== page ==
Help with list all possible combination

python

#1

I want to create a program wich gives me all possible combination to make a certain number.

So, lets say i want all possible ways to make 15 with 3 digits with the numbers 1 till 9 (9 included), this is simple:

# python2
result = []
for a in range(1,10):
  for b in range(1,10):
    for c in range(1,10):
      x = [a,b,c]
      x.sort()
      if a + b + c == 15:
        if len(set(x)) == 3:
          if x not in result:
            result.append(x)
print result

with 4 or 5 digits, its also easy, you just add one or two more loops. The part where i get stuck is if i let the user choice how many digits he wants (3, 4 or 5 digits), because then, i can't hard code the loop.

Can somebody help me in the right direction?


#2

Perhaps a while loop?

# python 3
number = int(input("number: "))
i = 1

while i <= number:
  print(i)
  i += 1

#3

a while loop sounds perfectly logic, i attempted that, but didn't posted it here given i didn't get anywhere close


#4

i mean, yes, this works:

size = int(raw_input("size: "))
result = []
if size == 3:
  for a in range(1,10):
    for b in range(1,10):
      for c in range(1,10):
        x = [a,b,c]
        x.sort()
        if a + b + c == 21:
          if len(set(x)) == 3:
            if x not in result:
              result.append(x)
elif size == 4:
  for a in range(1,10):
    for b in range(1,10):
      for c in range(1,10):
        for d in range(1, 10):
          x = [a,b,c,d]
          x.sort()
          if a + b + c + d == 21:
            if len(set(x)) == 4:
              if x not in result:
                result.append(x)
elif size == 5:
  for a in range(1,10):
    for b in range(1,10):
      for c in range(1,10):
        for d in range(1, 10):
          for e in range(1, 10):
            x = [a,b,c,d,e]
            x.sort()
            if a + b + c + d + e == 21:
              if len(set(x)) == 5:
                if x not in result:
                  result.append(x)
  
print result

but it kind of sucks, and isn't really DRY


#5

This is a great way to use recursion!

First, declare a list that will hold all your combinations combinations = []
Then make a recursive function:

combinations = []
def makeNumber(number, digits, path = []):
      if baseCase:
              # add to combinations
      else:
           for range:
                 recurse

Full Code:

def makeNumber(number, digits, path = []):
    if digits == 1:
        path += [number]
        path.sort()
        if number < 10 and path not in combinations:
            combinations.append(path)
        return
    else:
        for i in range(1, min(number - digits + 2, 10)):
            makeNumber(number - i, digits - 1, path + [i])

combinations = []
makeNumber(9,2)
print(len(combinations))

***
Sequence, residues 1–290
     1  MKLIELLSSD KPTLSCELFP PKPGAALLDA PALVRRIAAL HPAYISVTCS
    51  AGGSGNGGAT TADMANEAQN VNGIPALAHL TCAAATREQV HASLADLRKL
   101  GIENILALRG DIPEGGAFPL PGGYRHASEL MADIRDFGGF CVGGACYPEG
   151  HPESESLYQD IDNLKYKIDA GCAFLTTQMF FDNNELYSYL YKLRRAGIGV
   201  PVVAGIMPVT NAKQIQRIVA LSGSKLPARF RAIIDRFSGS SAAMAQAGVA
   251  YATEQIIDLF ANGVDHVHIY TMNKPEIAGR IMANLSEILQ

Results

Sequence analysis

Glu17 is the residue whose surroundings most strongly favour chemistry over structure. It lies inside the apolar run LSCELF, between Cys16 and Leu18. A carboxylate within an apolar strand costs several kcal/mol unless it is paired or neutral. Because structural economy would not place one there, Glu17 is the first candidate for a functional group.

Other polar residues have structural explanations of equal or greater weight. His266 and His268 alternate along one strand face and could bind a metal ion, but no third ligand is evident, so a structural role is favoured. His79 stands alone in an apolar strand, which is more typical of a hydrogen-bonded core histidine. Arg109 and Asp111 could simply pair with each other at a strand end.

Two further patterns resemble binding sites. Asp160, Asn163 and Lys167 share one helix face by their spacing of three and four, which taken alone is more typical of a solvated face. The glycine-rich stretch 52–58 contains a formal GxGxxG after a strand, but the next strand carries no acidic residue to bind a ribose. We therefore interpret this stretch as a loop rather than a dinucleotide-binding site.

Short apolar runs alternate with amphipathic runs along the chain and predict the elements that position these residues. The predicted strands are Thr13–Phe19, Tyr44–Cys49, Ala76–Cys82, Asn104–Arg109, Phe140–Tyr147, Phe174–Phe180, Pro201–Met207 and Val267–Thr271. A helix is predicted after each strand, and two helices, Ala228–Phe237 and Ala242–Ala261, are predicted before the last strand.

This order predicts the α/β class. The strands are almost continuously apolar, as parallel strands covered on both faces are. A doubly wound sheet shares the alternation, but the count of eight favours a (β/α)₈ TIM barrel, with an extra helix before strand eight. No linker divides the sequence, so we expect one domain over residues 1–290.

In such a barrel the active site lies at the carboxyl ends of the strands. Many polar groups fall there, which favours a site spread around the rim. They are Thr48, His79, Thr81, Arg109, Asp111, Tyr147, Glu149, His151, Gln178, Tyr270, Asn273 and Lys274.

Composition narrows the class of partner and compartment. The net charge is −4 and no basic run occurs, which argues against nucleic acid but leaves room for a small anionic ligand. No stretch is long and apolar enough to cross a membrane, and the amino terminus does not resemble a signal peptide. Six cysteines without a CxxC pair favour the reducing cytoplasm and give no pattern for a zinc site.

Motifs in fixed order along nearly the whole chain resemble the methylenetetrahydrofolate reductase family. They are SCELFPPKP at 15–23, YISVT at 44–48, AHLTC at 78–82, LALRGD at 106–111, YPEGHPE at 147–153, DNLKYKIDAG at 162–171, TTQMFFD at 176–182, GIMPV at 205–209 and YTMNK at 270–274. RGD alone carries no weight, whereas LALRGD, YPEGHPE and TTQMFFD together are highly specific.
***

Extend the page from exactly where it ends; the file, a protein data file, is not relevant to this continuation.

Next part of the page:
You'd need to add extra cases to handle numbers that are too big to be made, or negative numbers, but this is a good start :slight_smile:


#6

recursion indeed sounds good, why didn't i think of that? if you have unknown numbers, recursion is good


#7

Just updated it with a template ^^ full code is in the spoiler :smiley:


#8

if i need to calculate 30 with 5 digits, it throws a recursion depth reached

not that i am ungrateful, but it seems i need to apply some optimazation


#9

Just updated the code, some slowness is due to python printing out a lot of numbers, try just printing the length instead.


#10

One pretty funky way of doing it is in a oneliner:

import itertools as it
def makeNumber(number, digits):
    return list(filter(lambda x: sum(x) == number, it.combinations_with_replacement(range(1,10), digits)))

combinations = makeNumber(30,5)
print(combinations)
  • Itertools creates all possible combinations of the many digits.
  • lambda assigns Truth statements to whether the sum equals the number for each possible combination.
  • filter gets rid of any combinations that don't equal the sum.
  • list turns the filter object into a nicer form.

#11

i wanted unique digits only, i thought of this:

import itertools as it
def makeNumber(number, digits):
    return list(filter(lambda x: sum(x) == number and len(set(x)) == digits, it.combinations_with_replacement(range(1,10), digits)))

combinations = makeNumber(11,4)
print(combinations)

any good?


#12

Yeah, that would work, but your checking a lot more combinations than you need to, and there's an overhead to the len(set(x)) part, there's a nice function called it.combinations which makes sure the numbers are unique.

I've also shown a way to do it without using itertools :slight_smile:

def makeNumber(number, digits, path = []):
    if digits == 1:                   # base case when only 1 digit to play with
        if number not in path:        # to stop duplications
            path += [number]          # digit must be remaining number 
            path.sort()               # sort to stop duplicates
            if number < 10 and path not in combinations:   # make sure number is only 1-9
                combinations.append(path)    # add to combinations

    else:
        nums = list(range(1, min(number - digits + 2, 10)))   # all possible digits 
        nums = list(set(nums).difference(path))               # get rid of those already in path 

        for i in nums:
            makeNumber(number - i, digits - 1, path + [i])    # recurse


import itertools as it
def makeNumber2(number, digits):
    return list(filter(lambda x: sum(x) == number, it.combinations(range(1,10), digits)))

combinations = []
makeNumber(15,3)
print(combinations)
print(makeNumber2(15,3))